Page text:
A press release recently tumbled into the email inbox announcing the purchase by a Canadian company of approximately 500 acres at the Belfast Commerce Park.
It included a link to a website, so I clicked it and learned the development, in its words: “... is a vision of those who dared to see the forest through the trees. A place with a purpose — to engage people and the landscape together in an inspired way of living that enhances the lifestyle that organically exists. Heartwood emerged naturally from the old soul that is Richmond Hill, Georgia.”
Now that’s writing even someone with an overgrown teenager’s soul like me can appreciate. When I read it, I hear the voice of Morgan Freeman in my head, his voice lending dignified background music to visions of endless days and nights padding about in a pine forested paradise while non-GMO dolphins splash about in the nearby river and marsh, scolding the alligators and wild hogs whilst us flip-flop wearing, cargo-shorted and invariably good-looking humans enjoy a never-ending oyster roast.
That’s right. It could happen. Anyway, I may be saddened by the continued development of this part of the world, but the website is nicely done. Kudos.
PS. Check it out at https://heartwoodlife.com/about/.
Onward: I went to supper the other evening when my wife looked at me funny. It is a look she has had plenty of practice giving me over the years. It emerges from her brow naturally, one reckons, like an organically well-designed upscale warehouse complex that has taken root in native Georgia soil enriched by the bone meal of generations of daring entrepreneurs.
Must be all the rain.
Anyway, this time she followed up the look with a question.
“Did you take a shower?,” she asked, because in our house on weekend evenings we generally take a shower (wife first, to warm the bathroom) and put on our pajamas, then eat supper in front of the TV, watching reruns of Rick Steves.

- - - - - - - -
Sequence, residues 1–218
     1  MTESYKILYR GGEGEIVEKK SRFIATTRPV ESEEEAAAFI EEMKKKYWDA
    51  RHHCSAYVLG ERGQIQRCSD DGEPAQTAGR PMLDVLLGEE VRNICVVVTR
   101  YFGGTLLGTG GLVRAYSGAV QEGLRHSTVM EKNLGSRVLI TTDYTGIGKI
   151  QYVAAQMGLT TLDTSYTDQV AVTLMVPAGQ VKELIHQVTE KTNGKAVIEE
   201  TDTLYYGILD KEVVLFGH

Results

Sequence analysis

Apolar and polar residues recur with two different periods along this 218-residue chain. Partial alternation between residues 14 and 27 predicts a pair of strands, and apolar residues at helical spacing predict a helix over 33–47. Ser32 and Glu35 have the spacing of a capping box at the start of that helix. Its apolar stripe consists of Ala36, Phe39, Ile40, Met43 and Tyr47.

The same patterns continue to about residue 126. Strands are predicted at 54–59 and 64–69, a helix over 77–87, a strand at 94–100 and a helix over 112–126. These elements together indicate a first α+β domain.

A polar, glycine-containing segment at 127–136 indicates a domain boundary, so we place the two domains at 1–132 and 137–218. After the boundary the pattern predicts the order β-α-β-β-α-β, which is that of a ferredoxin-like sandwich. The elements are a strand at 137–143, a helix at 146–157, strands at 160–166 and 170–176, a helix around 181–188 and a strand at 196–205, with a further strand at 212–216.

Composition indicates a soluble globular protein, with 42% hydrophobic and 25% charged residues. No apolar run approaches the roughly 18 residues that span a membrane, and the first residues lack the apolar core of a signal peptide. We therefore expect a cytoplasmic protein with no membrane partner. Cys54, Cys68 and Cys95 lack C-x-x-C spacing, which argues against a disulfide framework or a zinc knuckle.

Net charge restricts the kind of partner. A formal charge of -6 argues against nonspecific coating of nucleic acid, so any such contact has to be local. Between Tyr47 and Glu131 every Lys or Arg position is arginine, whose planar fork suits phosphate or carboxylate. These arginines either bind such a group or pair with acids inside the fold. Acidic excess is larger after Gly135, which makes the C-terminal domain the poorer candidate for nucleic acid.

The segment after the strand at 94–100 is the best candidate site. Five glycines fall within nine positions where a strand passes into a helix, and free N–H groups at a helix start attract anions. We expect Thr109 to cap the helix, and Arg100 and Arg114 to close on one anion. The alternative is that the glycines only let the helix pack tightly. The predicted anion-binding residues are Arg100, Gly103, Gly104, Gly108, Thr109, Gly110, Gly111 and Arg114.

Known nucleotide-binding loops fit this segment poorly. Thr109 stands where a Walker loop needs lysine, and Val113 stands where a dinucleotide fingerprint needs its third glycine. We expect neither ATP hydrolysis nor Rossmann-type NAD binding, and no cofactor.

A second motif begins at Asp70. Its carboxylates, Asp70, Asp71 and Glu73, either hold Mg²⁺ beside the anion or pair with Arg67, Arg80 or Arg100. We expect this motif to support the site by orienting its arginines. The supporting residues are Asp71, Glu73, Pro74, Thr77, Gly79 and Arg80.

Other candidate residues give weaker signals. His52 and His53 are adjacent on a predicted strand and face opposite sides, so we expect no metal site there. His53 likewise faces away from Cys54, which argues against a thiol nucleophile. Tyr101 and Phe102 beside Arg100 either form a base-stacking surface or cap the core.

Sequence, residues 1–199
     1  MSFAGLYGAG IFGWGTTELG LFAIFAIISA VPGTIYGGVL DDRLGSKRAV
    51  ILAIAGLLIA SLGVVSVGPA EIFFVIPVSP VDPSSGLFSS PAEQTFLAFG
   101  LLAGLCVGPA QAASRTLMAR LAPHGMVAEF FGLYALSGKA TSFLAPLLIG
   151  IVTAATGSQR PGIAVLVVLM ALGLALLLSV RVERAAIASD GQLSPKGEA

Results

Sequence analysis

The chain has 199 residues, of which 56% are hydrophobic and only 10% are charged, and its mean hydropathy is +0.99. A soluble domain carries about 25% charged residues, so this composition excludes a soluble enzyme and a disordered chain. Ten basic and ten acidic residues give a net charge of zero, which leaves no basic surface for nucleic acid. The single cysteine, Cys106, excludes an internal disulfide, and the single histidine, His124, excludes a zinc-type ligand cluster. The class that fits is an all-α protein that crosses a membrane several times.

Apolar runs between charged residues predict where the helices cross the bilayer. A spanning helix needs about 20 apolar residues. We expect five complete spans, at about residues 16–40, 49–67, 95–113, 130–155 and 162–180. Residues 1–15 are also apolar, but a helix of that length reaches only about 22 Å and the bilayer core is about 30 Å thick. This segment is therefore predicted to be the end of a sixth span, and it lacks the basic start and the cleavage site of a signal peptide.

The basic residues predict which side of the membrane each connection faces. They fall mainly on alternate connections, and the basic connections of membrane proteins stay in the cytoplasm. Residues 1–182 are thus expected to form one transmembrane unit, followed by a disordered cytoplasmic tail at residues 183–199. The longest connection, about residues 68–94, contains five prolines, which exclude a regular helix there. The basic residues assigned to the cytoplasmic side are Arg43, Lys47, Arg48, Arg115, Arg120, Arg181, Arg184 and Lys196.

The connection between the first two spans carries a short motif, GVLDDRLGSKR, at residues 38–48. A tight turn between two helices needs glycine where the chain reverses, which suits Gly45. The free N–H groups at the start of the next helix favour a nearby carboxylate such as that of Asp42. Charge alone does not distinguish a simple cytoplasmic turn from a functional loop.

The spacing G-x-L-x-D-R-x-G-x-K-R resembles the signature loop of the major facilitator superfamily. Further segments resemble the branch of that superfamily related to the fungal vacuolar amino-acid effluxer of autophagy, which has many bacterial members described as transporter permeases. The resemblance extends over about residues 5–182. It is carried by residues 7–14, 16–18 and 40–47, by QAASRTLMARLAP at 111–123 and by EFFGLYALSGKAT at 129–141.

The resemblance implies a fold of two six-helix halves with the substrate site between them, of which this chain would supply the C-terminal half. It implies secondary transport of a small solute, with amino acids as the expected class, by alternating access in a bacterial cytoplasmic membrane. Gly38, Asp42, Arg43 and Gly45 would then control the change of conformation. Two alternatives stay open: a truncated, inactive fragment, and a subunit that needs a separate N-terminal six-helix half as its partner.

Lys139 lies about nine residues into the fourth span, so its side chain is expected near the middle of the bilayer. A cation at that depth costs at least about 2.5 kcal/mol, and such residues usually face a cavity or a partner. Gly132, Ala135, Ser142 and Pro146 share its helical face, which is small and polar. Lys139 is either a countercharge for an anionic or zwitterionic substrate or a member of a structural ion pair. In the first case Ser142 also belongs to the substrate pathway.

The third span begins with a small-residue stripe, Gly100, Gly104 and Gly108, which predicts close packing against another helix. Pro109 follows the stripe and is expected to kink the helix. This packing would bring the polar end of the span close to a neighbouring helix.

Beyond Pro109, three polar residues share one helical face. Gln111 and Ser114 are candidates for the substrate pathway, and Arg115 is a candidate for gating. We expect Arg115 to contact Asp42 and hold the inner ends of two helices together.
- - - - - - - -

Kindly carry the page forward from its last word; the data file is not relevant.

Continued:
It’s a good system. Keeps me out of bars and jails.
“I did,” I replied, truthfully. I had just gotten out of the shower as a matter of fact and was clean as a whistle if a whistle was short, fat, had a pelt of sorts on its chest and was wearing a t-shirt and pair of long-sleeved South Carolina Gamecock sleep pants.
“Well, the soap wasn’t wet and you weren’t in there very long so I just wondered.”
I spluttered. I actually spluttered. “You checked the soap?” I asked. “Who am I, Beaver Cleaver?”
That, for you younger folks, was a reference to a certain 1950s-60s sitcom in which Theodore “Beaver” Cleaver and his older brother Wally had adventures. Early, on there was an episode in which they faked taking baths because American kids back then hated taking baths. For all I know they still do.
Anyhow. In my dotage I tend to enjoy taking showers and would spend all day in one if it meant I didn’t have to do anything else, like drive to work with all the other maniacs out there on the roads, or pay taxes, or listen to politicians, or be told what to do, or have the internet and its nuts to worry about.
“Where’s Whitten?,” someone would ask. “Where else?,” someone would answer. “He’s in the shower.”
“Right, I should’ve known.”
“Tell that to my wife,” I would say, toweling off. As for that particular evening, my better half said she based her observation on the fact I didn’t spend very long in the bathroom coupled with the fact when I wasn’t looking she walked back there and checked and my soap was dry.
“Well,” I replied, “Maybe you checked the wrong soap. But I wasn’t in the shower very long because I was efficient.”
I had her there, and she knew it. She is forever telling me I could do certain household chores more efficiently, and then doing them herself to save time and frustration. Mostly this is because what she wants done is clean things up.
If I am the reincarnation of Oscar Madison, the fictional sportswriter of “The Odd Couple” fame; my wife is the female equivalent of Felix, the neatest neat freak to ever freak out.
“I’m on to you,” she’ll say, while doing something I ought to be doing if only I did it better and neater and before she thought it up, “you just do it halfway because you want me to do it.”
Not at all.
Whitten is editor of the Bryan County News and proof that nth generation South Carolinians from the Upstate can too spell cat if spotted enough letters.